Tomorrow night, don't miss Glenn Beck's special exposing the radicals who are running Bernie Sanders' campaign. From top to bottom, his campaign is staffed with hard-left extremists who are eager to burn down the system. The threat to our constitution is very real from Bernie's team, and it's unlike anything we've ever seen before in a U.S. election. Join Glenn on Wednesday, at 9 PM Eastern on BlazeTV's YouTube page, and on BlazeTV.com. And just in case you miss it live, the only way to catch all of Glenn's specials on-demand is by subscribing to Blaze TV.

Justin Haskins (Jhaskins@heartland.org) is editorial director of The Heartland Institute and editor-in-chief of StoppingSocialism.com.

Candace Owens, BLEXIT founder and author of the upcoming book, "Blackout," joined Glenn Beck on Friday's GlennTV for an exclusive interview. available only to BlazeTV subscribers.

Candace dropped a few truth-bombs about the progressive movement and what's happening to the Democratic Party. She said people are practically running away from the left due to their incessant push to dig up dirt on anybody who disagrees with their radical ideology. She explained how -- like China and its "social credit score" -- the left is shaping America into its own nightmarish episode of "Black Mirror."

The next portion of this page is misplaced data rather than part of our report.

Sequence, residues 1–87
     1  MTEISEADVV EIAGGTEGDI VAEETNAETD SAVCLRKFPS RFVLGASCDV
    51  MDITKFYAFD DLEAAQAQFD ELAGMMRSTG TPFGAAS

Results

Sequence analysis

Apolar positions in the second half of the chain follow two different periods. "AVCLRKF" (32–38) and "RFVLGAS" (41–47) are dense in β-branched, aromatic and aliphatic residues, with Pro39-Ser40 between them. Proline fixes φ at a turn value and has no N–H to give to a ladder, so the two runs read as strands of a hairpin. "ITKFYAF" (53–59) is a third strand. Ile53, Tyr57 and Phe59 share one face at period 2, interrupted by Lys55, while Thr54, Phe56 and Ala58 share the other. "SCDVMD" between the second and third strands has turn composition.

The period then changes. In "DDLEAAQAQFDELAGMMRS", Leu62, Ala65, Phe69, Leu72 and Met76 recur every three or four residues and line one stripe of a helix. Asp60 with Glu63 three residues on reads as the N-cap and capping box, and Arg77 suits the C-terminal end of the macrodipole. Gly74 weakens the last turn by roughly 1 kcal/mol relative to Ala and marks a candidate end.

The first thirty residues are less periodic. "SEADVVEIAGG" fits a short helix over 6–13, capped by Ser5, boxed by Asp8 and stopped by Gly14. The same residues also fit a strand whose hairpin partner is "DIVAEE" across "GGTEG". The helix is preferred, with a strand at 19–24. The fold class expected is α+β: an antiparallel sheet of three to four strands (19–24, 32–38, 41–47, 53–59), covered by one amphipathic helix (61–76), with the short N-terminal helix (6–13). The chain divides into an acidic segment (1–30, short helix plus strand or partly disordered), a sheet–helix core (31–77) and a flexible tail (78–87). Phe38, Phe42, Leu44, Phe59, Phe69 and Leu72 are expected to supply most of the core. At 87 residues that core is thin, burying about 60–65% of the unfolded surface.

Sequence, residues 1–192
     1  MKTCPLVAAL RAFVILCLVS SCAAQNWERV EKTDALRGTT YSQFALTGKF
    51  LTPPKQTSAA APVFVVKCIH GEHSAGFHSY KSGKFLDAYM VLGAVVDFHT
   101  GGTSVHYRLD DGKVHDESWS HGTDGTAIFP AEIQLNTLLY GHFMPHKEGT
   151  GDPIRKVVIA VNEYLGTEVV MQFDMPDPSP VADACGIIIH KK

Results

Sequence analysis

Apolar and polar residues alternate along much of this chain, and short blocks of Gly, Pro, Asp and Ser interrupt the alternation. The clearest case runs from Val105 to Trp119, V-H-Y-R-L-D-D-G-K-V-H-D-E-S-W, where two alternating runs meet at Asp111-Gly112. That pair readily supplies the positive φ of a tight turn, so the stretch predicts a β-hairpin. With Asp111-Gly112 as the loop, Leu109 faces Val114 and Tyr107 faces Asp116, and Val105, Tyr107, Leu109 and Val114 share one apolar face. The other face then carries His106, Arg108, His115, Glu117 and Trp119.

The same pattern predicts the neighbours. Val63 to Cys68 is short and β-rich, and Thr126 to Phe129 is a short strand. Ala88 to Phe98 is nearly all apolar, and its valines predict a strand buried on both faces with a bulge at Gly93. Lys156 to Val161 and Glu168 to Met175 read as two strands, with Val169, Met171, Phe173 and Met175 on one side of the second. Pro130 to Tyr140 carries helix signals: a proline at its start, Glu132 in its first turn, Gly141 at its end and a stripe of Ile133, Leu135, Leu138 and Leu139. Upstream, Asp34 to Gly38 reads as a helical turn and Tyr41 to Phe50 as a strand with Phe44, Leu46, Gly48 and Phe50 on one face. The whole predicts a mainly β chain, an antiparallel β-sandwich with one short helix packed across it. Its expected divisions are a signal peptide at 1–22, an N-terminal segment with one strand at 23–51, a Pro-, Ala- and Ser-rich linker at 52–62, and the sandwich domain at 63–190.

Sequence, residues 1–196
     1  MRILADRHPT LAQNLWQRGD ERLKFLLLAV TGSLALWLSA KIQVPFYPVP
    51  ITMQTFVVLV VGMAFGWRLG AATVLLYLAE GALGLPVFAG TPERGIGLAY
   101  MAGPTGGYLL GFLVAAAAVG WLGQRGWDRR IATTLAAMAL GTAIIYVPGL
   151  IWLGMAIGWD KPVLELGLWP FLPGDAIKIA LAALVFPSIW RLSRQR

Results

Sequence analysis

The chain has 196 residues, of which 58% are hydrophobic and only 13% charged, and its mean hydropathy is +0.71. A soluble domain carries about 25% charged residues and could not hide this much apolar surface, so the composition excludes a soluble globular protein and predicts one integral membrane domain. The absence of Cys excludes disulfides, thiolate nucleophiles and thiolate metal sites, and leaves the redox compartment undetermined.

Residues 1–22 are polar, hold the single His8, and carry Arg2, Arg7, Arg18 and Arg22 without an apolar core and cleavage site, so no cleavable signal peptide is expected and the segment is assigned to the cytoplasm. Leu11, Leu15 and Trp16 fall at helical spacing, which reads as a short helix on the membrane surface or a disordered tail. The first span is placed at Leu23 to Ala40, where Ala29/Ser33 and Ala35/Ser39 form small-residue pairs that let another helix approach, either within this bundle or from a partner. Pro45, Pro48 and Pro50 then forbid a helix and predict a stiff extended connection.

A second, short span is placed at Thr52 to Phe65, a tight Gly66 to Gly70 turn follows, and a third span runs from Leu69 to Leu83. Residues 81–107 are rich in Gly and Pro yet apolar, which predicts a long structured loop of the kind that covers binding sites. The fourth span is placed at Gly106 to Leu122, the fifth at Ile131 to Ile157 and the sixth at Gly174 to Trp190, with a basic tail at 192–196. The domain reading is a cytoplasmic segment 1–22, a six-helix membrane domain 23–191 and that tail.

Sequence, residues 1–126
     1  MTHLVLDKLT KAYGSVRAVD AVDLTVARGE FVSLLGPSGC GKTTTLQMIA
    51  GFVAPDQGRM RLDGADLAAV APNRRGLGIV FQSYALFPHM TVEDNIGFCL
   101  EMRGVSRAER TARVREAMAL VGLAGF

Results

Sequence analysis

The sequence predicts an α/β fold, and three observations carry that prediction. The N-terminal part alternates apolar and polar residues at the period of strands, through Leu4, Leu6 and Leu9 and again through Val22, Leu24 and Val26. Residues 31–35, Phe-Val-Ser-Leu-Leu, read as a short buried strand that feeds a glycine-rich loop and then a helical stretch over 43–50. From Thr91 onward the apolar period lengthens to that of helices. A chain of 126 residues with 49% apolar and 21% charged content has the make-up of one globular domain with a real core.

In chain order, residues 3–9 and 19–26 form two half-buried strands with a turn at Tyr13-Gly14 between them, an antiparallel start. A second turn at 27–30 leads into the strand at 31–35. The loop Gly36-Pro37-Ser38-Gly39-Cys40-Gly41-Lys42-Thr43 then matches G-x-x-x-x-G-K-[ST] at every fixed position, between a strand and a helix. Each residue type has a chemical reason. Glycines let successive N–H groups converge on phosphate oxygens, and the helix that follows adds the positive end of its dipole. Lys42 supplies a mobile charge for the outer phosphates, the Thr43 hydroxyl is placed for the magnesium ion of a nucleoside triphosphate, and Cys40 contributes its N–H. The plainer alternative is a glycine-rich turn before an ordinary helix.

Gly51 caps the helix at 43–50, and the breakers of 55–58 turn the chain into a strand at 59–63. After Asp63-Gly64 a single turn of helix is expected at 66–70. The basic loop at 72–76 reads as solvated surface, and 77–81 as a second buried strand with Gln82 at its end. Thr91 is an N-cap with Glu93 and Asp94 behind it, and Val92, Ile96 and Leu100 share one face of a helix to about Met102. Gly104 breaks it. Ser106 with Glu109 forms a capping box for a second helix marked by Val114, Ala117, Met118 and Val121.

"This game of making sure that everyone is politically correct is a societal atom bomb. There are no survivors. There's no one that is perfect," Candace said. "The idea that humanity can be perfect is Godless. If you accept that there is something greater than us, then you accept that we a flawed. To be human is to be flawed."

Enjoy this clip from the full episode below:

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BlazeTV subscribers can watch the full interview on BlazeTV.com. Use code GLENN to save $10 off one year of your subscription.